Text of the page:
Kiss me once
Then kiss me twice
Then kiss me once again
It's been a long long time
http://www.stlyrics.com/lyrics/war/i...nglongtime.htm


I'm serious - hum that melody and think of Stairway as you go ... actually, maybe that's where Randy California got 'Taurus' in the first place ...
.
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Old 08-02-2008, 12:43 AM   #3006
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Has anyone else here seen the Led Zep tribute band No Quarter?
These guys are about the best Zeppelin tribute band I've ever seen:

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Old 08-02-2008, 12:45 AM   #3007
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Old 08-02-2008, 12:51 AM   #3008
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I don't think The Who did more than three or four songs that match even just this one mid-level Zep song Ten Years Gone ... half a dozen tops.

And I happen to LIKE The Who.
.
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Old 08-02-2008, 12:52 AM   #3009
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This is an exchange Roh and I had a few weeks ago in the "Sweet Guitars" thread. As I recall, Roh had thrown out the "theft" charge about Stairway, and after I posted this answer below he was all, "I can't believe you spent so much time on this response."



Yes, that Spirit riff is very similar to the intro to Stairway ... but there are some differences: 'Taurus' is a string-laden easy-listening instrumental. There are no lyrics, and the only guitar part is that four-bar decending melody. In Stairway, Page uses both the descending line, and a simultaneous ASCENDING line as counterpoint.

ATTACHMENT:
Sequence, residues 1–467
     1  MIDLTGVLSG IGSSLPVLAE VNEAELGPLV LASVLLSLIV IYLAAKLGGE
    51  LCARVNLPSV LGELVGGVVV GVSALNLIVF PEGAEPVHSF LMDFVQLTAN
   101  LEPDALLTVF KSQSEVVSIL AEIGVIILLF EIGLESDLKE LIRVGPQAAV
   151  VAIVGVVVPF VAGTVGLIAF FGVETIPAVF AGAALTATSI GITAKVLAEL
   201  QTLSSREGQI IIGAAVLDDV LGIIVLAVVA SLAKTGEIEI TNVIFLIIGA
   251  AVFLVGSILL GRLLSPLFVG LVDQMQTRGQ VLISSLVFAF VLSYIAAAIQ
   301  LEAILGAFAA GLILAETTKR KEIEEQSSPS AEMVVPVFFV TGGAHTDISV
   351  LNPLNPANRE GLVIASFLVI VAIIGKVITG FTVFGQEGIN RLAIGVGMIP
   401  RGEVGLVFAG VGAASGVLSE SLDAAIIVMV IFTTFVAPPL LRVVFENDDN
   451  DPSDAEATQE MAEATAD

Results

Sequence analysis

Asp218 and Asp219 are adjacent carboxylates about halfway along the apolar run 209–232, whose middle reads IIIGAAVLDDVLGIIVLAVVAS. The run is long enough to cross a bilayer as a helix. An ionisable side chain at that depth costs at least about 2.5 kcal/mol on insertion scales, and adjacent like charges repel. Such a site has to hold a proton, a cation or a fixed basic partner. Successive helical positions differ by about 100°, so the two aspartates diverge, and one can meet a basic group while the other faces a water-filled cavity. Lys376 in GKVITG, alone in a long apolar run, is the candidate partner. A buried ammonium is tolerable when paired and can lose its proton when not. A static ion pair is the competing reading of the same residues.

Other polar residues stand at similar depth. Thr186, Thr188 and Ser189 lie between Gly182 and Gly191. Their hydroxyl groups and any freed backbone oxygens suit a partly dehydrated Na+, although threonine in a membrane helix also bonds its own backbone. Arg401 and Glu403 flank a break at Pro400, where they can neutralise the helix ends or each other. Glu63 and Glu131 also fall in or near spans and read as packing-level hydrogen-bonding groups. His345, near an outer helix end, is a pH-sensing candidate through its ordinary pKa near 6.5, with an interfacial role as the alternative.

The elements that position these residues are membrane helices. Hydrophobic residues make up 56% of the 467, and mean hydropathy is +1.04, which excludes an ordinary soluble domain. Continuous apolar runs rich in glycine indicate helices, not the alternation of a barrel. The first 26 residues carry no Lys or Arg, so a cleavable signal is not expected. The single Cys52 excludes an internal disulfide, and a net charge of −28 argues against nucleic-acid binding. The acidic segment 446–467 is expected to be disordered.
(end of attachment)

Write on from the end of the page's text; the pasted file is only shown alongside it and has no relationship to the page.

Everybody here plays Stairway ... so here's the deal: Taurus has the melodic descending notes A, A-flat, G ... the 7th, 6th and 5th frets on the D string; but Stairway adds the ascending A, B and C ... going up the 5th, 7th, 8th frets on the the high E string. Both melodies drop from there to the D-major (although Taurus does not have the snappy little G to A-minor bang-bang resolution). Besides, the guy in Spirit supposedly agreed Jimmy could use that short snippet. In today's era of sampling, it hardly seems worth mentioning ....

BTW - Sitting here just now I realize that is also the SAME MELODY and intervals as the 1945 #1 hit by Bing Crosby and Les Paul (yes that Les Paul) called "It's Been a Long Time" ... sing it with me!
Kiss me once
Then kiss me twice
Then kiss me once again
It's been a long long time
http://www.stlyrics.com/lyrics/war/i...nglongtime.htm


I'm serious - hum that melody and think of Stairway as you go ... actually, maybe that's where Randy California got 'Taurus' in the first place ...
.
Correct.

The chord progression that the 'A' section to "Stairway to Heaven" is based on (Ami - Ami/MA9 - Ami7 - D/F#) is a very common progression in jazz, bossa nova, pop, and rock - it certainly wasn't invented by Spirit.
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Old 08-02-2008, 12:57 AM   #3010
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I don't think The Who did more than three or four songs that match even just this one mid-level Zep song Ten Years Gone ... half a dozen tops.

And I happen to LIKE The Who.
.
I liked some of The Who's songs - but never enough to actually buy one of their records.